The troubled Open Payment System, a public database disclosing financial relationships between physicians and drug/device manufacturers and group purchasing organizations, remains scheduled to go live on September 30.

The database is authorized in the Physician Sunshine Payments Act, which was a provision that Sen. Charles Grassley (R-Iowa) placed in the Affordable Care Act.

The database, built by the Centers for Medicare and Medicaid Services and used for months by manufacturers to report information and physicians to register, has had numerous problems with data integrity and was shut down periodically. Problems included manufacturers submitting intermingled data, such as the wrong state license number or national provider identifier, for physicians with the same names.

And substantial integrity problems remain. Because of the inability to properly match physicians with data about them, CMS is expected to withhold from publication one-third of submitted reports from drug/device manufacturers until next spring.

The law requires reporting of “payments and transfers of value” to physicians as it relates to covered products under Medicare and Medicaid, says Elizabeth Carder-Thompson, a partner in the Washington, D.C. office of the Reed Smith law firm. This covers consulting fees, meals over $10, royalty payments, research payments, and honoraria for speaking at events, among other gifts.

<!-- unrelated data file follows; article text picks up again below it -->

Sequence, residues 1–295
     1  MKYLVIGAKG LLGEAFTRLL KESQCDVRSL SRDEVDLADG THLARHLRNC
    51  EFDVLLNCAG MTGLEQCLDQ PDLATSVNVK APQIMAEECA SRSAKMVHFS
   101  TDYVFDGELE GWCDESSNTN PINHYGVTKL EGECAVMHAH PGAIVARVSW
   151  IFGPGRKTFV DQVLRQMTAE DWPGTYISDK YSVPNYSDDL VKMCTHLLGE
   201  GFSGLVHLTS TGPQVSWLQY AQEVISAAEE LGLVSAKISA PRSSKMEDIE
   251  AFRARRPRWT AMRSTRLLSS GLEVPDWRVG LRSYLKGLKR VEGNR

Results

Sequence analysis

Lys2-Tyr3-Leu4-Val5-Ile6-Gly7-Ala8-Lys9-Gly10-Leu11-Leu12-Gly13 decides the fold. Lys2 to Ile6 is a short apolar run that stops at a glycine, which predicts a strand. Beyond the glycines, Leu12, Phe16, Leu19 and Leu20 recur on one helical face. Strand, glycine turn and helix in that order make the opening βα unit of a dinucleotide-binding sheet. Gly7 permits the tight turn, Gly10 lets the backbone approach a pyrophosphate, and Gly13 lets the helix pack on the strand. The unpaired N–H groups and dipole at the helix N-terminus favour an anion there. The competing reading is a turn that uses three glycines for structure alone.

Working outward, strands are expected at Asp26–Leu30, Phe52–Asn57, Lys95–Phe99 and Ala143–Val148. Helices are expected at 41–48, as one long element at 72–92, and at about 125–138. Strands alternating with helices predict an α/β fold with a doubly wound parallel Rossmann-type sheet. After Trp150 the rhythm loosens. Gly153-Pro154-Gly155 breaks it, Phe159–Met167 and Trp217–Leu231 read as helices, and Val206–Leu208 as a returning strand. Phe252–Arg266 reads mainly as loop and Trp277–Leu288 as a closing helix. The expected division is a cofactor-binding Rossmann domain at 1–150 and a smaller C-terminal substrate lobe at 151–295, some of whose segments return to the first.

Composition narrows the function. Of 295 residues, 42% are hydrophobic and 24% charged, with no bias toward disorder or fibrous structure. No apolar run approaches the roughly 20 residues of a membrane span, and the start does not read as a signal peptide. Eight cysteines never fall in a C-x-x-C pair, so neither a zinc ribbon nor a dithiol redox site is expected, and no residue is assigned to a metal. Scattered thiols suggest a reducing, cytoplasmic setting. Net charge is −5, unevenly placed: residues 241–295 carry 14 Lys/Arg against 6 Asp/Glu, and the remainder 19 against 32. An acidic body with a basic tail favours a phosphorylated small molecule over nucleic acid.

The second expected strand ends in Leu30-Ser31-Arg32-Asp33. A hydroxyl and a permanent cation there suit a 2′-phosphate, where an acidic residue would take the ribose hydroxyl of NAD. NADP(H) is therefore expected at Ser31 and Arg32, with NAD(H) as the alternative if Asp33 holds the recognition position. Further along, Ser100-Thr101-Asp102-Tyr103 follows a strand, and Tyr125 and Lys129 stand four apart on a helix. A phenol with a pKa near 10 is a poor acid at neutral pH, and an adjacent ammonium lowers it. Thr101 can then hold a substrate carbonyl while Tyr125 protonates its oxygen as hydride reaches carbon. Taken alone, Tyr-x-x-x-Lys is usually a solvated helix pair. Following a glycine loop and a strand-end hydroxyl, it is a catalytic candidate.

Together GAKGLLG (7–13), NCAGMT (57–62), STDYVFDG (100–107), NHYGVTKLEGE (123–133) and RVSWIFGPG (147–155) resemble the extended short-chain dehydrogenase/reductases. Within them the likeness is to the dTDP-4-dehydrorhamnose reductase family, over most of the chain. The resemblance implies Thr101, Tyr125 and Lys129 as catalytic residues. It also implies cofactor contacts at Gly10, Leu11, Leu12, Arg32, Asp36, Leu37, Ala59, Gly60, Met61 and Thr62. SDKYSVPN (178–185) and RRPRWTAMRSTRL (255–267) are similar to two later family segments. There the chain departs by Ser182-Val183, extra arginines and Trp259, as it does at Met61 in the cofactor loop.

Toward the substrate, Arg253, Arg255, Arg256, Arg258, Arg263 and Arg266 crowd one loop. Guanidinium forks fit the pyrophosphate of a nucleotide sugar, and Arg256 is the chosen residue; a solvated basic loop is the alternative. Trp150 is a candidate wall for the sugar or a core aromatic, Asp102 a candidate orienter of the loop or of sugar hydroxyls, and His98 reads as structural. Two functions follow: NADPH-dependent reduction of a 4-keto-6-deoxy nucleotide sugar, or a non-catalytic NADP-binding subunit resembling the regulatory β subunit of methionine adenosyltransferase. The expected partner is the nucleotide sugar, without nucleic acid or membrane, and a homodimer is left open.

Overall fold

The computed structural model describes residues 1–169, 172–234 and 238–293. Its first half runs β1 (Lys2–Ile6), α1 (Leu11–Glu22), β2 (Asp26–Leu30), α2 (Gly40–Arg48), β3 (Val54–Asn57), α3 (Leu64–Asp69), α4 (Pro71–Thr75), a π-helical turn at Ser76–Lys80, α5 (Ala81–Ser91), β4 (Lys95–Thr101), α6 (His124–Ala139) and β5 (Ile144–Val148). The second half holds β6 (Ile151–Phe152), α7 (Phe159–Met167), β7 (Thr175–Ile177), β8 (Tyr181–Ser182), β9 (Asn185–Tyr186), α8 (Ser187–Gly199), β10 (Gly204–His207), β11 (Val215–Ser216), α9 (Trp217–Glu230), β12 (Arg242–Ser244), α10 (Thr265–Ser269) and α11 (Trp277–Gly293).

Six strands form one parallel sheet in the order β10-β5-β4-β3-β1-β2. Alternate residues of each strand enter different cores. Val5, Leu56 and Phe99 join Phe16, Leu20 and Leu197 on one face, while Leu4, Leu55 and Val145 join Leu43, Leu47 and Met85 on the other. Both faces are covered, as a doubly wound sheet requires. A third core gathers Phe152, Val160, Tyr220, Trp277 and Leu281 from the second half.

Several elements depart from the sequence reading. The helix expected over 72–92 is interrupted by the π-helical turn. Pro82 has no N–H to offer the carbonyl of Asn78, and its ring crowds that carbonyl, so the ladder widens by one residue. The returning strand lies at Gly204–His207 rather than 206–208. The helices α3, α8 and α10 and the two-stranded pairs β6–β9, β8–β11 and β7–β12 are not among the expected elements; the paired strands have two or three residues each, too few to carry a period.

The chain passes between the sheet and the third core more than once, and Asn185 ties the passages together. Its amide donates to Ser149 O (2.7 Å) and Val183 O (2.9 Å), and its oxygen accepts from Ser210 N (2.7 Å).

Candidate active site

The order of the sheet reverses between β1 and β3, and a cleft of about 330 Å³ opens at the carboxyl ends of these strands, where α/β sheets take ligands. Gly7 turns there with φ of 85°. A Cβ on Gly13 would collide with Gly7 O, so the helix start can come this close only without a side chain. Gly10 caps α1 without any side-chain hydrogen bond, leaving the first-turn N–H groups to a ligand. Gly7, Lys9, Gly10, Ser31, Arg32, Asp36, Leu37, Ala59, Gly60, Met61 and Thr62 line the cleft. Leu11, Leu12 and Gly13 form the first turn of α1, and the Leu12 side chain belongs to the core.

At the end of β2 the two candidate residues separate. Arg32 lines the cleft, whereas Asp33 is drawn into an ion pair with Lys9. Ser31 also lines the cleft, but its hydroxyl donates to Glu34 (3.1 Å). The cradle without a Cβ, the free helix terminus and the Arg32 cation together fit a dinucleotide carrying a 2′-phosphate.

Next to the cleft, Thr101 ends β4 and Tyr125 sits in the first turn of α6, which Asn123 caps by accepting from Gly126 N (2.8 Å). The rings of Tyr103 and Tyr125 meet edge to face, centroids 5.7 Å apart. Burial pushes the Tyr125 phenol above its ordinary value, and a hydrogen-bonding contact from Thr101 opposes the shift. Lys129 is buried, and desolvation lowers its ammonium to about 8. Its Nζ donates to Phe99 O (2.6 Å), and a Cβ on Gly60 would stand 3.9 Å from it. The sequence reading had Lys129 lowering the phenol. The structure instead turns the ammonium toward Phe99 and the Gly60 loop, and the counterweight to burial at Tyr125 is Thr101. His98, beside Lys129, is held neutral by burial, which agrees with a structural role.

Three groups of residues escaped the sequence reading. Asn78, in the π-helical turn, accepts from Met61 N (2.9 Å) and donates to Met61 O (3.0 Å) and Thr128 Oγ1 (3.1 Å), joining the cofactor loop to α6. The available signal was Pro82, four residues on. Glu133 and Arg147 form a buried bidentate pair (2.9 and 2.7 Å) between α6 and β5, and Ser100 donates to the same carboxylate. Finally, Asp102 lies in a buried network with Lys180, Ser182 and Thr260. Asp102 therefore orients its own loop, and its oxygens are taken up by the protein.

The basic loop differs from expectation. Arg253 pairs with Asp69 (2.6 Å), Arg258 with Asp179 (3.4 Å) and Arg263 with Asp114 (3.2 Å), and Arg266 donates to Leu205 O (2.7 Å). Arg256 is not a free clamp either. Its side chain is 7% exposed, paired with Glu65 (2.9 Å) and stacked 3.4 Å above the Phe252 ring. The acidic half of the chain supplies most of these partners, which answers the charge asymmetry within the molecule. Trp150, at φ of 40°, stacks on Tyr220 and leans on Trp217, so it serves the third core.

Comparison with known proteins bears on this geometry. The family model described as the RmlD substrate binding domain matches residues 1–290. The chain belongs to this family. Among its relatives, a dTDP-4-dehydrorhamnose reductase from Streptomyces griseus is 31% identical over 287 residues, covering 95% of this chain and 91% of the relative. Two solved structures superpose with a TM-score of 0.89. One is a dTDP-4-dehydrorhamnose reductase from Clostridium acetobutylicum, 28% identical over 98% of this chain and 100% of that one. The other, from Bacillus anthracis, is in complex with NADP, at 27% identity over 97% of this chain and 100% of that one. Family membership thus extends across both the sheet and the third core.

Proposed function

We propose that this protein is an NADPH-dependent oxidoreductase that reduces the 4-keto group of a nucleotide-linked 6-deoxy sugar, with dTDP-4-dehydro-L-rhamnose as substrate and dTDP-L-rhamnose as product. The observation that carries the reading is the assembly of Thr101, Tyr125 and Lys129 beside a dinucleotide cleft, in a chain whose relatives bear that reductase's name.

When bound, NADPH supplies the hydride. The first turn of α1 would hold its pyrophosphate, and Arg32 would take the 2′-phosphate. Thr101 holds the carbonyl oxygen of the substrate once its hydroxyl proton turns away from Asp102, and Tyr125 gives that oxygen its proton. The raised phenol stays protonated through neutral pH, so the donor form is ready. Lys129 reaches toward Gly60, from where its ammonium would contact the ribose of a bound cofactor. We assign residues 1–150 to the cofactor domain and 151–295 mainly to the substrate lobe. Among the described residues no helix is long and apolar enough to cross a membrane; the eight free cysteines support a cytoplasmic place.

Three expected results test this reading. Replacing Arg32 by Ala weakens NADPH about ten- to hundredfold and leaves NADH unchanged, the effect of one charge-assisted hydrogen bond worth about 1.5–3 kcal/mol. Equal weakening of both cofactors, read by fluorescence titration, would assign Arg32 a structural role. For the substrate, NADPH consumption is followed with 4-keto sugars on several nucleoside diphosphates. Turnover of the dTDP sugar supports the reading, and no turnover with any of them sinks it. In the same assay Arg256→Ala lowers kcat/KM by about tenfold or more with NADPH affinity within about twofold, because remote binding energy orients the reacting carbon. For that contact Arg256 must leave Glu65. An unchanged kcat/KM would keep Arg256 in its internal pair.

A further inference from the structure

But while the law’s intent is to give consumers insight on relationships in the healthcare industry, there is not yet any sign that the information offered on the Web site will provide context to help consumers understand the relationships, Carder-Thompson notes. Drug and device manufacturers are concerned that the need for payments to physicians, such as paying them to be trained on a new device, will not be apparent to consumers.

Physicians, who had considerable trouble registering on the Web site so they can be matched with their data from the manufacturers, remain skittish about having information that may be wrong or without context being published.

The resolution process for disputing reported information loaded into the system has tight timeframes to resolve issues, another cause for concern. There is a fear, Carder-Thompson says, that the Web site will increase lawsuits against drug/device manufacturers and physicians, even if data integrity problems persist.

An August online survey the American Medical Association conducted found 68 percent of respondents reporting an overall bad registration experience, and 62 percent of those able to access the system found inaccurate data in their reports. Forty-four percent of respondents who tried to register were not successful.

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